Where Do I Begin?
Start constructing your argument by using a brainstorming technique and developing a thesis statement.
Later, you will be making an outline, and, soon after, drafting your paper.
The thesis drives your essay. Your thesis must be an arguable statement and not a statement of fact. You must be able to provide evidence to support your argument, rather than simply stating it to be so.
Is It Debatable?
Review your thesis to determine whether it’s debatable and its intent is clear. You will refine your thesis in the later stages of your essay, but you should have a clear focus of the function of your thesis.
Imagine the following dialogue taking place between the writer and reader:
Writer: “Australia is a dangerous place.”
Writer: “Because it is.”
The writer needs to say more. Evidence, ideas and logic all need to be part of the argument/paper.
A developed argument might begin with,
“Australia is a dangerous place because there are many poisonous animals native to the area, and there are many areas which are undeveloped and wild, resulting in scarce access to medical care.”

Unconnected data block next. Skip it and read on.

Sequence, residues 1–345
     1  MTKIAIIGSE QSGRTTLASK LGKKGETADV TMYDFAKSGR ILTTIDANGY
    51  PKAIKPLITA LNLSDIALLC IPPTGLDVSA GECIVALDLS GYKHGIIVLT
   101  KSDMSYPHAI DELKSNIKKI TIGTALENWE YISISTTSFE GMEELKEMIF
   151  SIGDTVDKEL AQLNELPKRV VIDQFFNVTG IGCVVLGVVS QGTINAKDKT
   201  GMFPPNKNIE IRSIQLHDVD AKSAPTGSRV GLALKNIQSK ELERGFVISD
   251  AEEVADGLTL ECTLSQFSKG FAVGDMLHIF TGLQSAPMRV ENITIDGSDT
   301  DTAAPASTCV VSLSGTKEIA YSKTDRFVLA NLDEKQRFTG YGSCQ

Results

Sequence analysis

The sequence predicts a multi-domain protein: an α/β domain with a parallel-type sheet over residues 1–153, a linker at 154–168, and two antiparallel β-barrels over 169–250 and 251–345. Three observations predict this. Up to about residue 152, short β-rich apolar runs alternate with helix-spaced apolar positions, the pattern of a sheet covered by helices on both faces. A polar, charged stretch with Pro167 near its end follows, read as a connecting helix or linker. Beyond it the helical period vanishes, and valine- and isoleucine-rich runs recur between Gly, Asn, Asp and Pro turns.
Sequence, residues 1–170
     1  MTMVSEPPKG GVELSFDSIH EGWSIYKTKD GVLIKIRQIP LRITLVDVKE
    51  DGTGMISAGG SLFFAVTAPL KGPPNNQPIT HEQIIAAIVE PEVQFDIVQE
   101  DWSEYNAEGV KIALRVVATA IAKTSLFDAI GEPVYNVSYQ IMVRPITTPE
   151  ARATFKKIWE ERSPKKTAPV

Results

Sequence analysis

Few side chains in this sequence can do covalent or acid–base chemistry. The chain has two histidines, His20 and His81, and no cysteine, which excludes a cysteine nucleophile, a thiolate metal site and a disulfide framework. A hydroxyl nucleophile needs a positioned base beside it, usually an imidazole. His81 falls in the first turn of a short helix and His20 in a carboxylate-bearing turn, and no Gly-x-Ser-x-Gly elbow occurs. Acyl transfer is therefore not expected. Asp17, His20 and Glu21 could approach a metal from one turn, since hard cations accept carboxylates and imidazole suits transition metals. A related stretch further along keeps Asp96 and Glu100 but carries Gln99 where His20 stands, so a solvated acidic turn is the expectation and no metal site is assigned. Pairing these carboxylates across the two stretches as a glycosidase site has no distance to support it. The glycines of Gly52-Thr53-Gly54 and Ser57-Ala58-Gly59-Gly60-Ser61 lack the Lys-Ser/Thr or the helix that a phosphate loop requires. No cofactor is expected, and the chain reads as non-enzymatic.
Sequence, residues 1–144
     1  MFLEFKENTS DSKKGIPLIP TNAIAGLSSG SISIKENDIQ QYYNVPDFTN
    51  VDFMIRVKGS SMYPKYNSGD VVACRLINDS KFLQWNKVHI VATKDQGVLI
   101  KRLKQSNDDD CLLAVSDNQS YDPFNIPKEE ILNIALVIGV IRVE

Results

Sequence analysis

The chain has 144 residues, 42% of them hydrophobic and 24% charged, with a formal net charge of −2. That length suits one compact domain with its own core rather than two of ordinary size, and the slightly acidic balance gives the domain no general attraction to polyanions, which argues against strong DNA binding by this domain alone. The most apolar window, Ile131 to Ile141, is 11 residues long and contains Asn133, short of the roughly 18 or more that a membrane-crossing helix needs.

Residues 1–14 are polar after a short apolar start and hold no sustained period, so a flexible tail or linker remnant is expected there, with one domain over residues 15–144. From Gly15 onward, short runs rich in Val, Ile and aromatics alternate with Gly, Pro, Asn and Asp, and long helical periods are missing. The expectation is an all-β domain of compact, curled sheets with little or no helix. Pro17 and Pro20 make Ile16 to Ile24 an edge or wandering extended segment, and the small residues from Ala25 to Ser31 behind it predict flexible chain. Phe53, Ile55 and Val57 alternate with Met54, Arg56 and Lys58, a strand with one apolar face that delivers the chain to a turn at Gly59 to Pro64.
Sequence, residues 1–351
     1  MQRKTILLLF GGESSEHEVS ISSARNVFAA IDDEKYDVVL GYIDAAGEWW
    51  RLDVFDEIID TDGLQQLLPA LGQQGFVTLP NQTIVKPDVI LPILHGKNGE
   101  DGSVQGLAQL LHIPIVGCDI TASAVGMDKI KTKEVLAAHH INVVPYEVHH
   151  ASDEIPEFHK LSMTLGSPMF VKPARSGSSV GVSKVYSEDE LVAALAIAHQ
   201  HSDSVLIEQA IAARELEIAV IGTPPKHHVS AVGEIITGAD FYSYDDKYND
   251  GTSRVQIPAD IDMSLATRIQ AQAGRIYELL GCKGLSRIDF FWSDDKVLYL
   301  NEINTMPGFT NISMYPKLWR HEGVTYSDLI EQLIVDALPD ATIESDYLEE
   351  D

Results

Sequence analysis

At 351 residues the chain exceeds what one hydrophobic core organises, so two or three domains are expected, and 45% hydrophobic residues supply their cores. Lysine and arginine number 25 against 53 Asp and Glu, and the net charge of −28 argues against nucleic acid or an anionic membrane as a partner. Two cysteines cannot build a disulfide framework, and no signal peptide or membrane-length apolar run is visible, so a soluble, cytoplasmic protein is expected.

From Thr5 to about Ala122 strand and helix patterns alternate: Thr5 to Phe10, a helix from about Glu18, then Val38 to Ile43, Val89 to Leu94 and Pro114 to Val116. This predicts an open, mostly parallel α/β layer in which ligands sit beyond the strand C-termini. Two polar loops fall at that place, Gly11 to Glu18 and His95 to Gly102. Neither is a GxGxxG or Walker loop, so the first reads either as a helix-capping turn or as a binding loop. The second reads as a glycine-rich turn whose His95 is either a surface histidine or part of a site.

In the above thesis, I have stated a few aspects of my argument that I will explain in my paper, to be supported by evidence;
1. There are many poisonous animals in Australia.
2. There are many undeveloped or wild areas in Australia.
3. These undeveloped areas do not have readily available access to medical care.
In addition to the subject matter (History, Sociology, Philosophy, etc.), you must also understand the prompt provided for your specific assignment. What is the topic of debate? Who is your audience?
In order to make your own claims about a topic, you must first understand the claims others have made. In other words, do your research! If you find your research is not supporting your claims, you may need to adjust your perspective or look at more scholarship.
Original thesis: “Australia is a dangerous place because there are many poisonous animals native to the area, and there are many areas which are undeveloped and wild, resulting in scarce access to medical care.”
Revised thesis based on research: “Australia’s wild and undeveloped areas can be dangerous places, based on their distance from readily available medical care and the concentration of dangerous animals in a given area.”
The next stage in building a good thesis/argument is understanding what a good one consists of. Click the link below to continue the lesson.
Back to Thesis Creation